THE ENGINE AT HEARTSPRING'S CENTER
Tom Monteleone, visiting one afternoon, pointed out to me that I had not written a short story in over two years. So I did this one right after he left to prevent the interval's growing any longer.
Let me tell you of the creature called the Bork. It was born in the heart of a dying sun. It was cast forth upon this day from the river of past/future as a piece of time pollution. It was fashioned of mud and aluminum, plastic and some evolutionary distillate of seawater. It had spun dangling from the umbilical of circumstance till, severed by its will, it had fallen a lifetime or so later, coming to rest on the shoals of a world where things go to die. Itwas a piece of a man in a place by the sea near a resort grown less fashionable since it had become a euthanasia colony.
Choose any of the above and you may be right.
Upon this day, he walked beside the water, poking with his forked, metallic stick at the things the last night's storm had left: some shiny bit of detritus useful to the weird sisters in their crafts shop, worth a meal there or a dollop of polishing rouge for his smoother half; purple seaweed for a salty chowder he had come to favor; a buckle, a button,' a shell; a white chip from the casino.
The surf foamed and the wind was high. The heavens were a blue-gray wall, unjointed, lacking the graffiti of birds or commerce. He left a jagged track and one footprint, humming and clicking as he passed over the pale sands. It was near to the point where the forktailed icebirds paused for several days—a week at most—in their migrations. Gone now, portions of the beach were still dotted with their rust-colored droppings. There he saw the girl again, for the third time in as many days. She had tried before to speak with him, to detain him. He had ignored her for a number of reasons. This time, however, she was not alone.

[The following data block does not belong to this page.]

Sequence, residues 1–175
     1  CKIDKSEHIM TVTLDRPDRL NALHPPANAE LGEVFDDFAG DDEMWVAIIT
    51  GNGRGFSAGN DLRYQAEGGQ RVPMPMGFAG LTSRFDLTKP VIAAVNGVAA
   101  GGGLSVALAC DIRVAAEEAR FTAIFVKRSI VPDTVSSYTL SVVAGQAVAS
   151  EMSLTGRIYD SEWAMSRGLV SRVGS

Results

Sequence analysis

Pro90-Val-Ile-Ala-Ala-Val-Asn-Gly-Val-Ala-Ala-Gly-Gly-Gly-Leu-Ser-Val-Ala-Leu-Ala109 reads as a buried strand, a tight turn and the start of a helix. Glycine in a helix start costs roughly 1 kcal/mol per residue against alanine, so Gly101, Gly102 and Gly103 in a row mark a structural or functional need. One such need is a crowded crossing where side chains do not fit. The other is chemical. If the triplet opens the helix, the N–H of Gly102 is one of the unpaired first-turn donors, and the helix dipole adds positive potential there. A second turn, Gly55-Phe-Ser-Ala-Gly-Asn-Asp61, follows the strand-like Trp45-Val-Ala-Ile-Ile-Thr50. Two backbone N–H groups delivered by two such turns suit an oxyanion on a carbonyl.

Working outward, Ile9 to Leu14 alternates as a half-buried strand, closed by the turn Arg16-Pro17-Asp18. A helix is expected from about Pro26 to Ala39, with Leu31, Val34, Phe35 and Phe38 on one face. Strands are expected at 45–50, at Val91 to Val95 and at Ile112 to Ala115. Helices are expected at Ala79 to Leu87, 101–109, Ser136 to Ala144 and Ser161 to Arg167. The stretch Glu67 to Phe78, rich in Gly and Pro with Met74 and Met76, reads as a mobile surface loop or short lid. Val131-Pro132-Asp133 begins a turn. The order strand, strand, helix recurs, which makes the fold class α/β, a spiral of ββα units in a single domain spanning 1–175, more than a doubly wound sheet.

She was regaining her feet, the signs in the sand indicating flight and collapse. She had on the same red dress, torn and stained now. Her black hair—short, with heavy bangs—lay in the only small disarrays of which it was capable. Perhaps thirty feet away was a young man from the Center, advancing toward her. Behind him drifted one of the seldom seen dispatch-machines—about half the size of a man and floating that same distance above the ground, it was shaped like a tenpin, and silver, its bulbous head-end faceted and illuminated, its three ballerina skirts tinfoil-thin and gleaming, rising and falling in rhythms independent of the wind.
Hearing him, or glimpsing him peripherally, she turned away from her pursuers, said, "Help me" and then she said a name.
He paused for a long while, although the interval was undetectable to her. Then he moved to her side and stopped again.
The man and the hovering machine halted also.
"What is the matter?" he asked, his voice smooth, deep, faintly musical."They want to take me," she said,
"I do not wish to go."
"Oh. You are not ready?"
"No, I am not ready."
"Then it is but a simple matter. A misunderstanding."
He turned toward the two.
"There had been a misunderstanding," he said. "She is not ready."
"This is not your affair, Bork," the man replied. "The Center has made its determination."
"Then it will have to reexamine it. She says that she is not ready."
"Go about your business, Bork."
The man advanced. The machine followed.
The Bork raised his hands, one of fiesh, the others of other things.
"No," he said.
"Get out of the way," the man said. "You are interfering."
Slowly, the Bork moved toward them. The lights in the machine began to blink. Its skirts fell. With a sizzling sound it dropped to the sand and lay unmoving. The man halted, drew back a pace.
"I will have to report this—"
"Go away," said the Bork.